Aims: Non-compaction of the left ventricle (LVNC) is a disorder of endomyocardial morphogenesis that results in multiple trabeculations in the left ventricular myocardium. The current literature suggests that LVNC in adults is rare and associated with a poor prognosis. Given that the disorder is present at birth and that several studies have reported asymptomatic familial disease in some patients, we hypothesized that there is a long pre-clinical phase of the disease. The aim of this study was to define the prognosis and familial incidence of LVNC.
Methods and results: This study cohort comprised 45 patients (mean age at diagnosis 37 years) consecutively identified at a referral centre for cardiomyopathy over a 10-year period. Twenty-eight patients (62%) had dyspnoea at presentation; 41 (91%) an abnormal ECG; and 30 (66%) left ventricular dilatation and impaired systolic function. Nine patients (20%) had non-sustained ventricular tachycardia on 24 h Holter monitoring. Mean survival from death or transplantation was 97% at 46 months. There were three thromboembolic events in two patients (4%). On systematic family screening, 8 of 32 (25%) asymptomatic relatives had a range of echocardiographic abnormalities, including LVNC, LVNC with impaired systolic function, and left ventricular enlargement without LVNC.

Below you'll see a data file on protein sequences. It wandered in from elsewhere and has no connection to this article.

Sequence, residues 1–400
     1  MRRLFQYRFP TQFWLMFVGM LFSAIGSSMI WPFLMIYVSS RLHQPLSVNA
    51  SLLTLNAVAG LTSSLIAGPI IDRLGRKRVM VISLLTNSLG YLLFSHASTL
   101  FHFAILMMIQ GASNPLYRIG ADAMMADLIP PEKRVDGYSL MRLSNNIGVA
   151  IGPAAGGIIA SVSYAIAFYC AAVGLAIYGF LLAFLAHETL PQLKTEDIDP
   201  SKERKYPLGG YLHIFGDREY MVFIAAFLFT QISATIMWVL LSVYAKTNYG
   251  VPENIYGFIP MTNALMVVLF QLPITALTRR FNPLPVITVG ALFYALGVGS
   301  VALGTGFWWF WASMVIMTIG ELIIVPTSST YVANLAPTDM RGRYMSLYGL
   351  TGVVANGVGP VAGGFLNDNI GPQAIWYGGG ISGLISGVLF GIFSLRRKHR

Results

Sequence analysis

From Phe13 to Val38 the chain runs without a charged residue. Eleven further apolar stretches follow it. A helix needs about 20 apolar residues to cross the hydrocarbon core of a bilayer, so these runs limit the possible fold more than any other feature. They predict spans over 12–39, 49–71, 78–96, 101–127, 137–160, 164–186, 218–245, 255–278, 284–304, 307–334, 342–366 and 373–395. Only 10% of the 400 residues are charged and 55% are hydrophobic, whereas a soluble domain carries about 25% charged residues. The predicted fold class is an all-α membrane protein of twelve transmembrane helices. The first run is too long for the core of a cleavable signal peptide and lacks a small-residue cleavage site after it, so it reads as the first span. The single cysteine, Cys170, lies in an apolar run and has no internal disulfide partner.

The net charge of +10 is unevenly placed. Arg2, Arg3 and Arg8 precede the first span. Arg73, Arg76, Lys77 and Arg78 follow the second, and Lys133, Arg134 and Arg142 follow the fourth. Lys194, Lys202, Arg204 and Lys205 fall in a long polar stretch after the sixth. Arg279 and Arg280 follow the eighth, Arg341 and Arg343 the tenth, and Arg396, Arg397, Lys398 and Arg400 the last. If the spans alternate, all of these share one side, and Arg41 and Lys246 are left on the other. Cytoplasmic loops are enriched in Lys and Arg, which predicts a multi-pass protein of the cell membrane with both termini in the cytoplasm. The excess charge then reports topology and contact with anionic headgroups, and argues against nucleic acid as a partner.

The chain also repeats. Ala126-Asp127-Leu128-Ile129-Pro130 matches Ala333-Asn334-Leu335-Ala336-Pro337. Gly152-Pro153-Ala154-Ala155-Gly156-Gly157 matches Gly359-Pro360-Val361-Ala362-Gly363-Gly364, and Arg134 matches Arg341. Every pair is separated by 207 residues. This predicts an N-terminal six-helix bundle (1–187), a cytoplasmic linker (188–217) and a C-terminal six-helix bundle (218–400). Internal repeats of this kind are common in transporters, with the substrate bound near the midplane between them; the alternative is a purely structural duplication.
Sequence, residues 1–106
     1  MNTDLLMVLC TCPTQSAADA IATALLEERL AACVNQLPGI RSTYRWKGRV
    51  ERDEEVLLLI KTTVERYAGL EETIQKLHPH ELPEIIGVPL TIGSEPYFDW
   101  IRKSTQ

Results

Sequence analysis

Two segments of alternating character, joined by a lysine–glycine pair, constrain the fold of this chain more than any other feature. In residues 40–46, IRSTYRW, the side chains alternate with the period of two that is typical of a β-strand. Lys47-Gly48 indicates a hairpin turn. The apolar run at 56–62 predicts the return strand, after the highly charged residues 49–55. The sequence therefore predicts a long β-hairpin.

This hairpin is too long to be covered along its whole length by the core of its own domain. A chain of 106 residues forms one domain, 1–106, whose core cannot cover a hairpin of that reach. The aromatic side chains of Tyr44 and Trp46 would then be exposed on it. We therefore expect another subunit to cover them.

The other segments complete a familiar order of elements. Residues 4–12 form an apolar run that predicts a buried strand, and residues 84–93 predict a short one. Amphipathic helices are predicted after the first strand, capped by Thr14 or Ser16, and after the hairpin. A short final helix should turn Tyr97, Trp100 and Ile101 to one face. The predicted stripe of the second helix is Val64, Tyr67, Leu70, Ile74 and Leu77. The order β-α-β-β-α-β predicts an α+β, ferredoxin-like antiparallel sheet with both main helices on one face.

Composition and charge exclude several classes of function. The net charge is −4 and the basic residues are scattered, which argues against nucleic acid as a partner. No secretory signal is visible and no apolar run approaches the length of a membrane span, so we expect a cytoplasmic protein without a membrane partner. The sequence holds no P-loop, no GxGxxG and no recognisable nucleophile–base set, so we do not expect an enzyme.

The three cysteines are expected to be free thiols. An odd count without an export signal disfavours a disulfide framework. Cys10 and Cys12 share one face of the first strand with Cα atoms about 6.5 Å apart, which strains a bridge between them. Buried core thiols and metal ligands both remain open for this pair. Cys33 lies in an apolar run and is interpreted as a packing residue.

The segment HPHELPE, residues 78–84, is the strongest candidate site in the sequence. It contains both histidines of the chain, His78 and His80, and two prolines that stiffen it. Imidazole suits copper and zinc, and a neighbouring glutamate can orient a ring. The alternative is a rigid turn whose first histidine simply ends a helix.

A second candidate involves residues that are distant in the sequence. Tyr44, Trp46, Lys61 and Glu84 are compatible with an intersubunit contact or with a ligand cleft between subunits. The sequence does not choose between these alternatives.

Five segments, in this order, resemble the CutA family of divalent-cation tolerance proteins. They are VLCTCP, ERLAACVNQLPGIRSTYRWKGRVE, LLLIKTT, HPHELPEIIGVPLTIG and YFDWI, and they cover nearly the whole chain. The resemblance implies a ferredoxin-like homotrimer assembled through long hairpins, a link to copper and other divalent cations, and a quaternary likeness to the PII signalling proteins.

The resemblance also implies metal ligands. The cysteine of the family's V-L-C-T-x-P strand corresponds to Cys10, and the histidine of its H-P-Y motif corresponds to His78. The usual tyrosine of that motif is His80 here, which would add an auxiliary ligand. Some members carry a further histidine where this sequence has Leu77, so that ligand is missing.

Conclusion: This study demonstrates that LVNC is associated with a better prognosis than previously reported. In patients with familial disease, relatives may have features consistent with dilated cardiomyopathy rather than LVNC.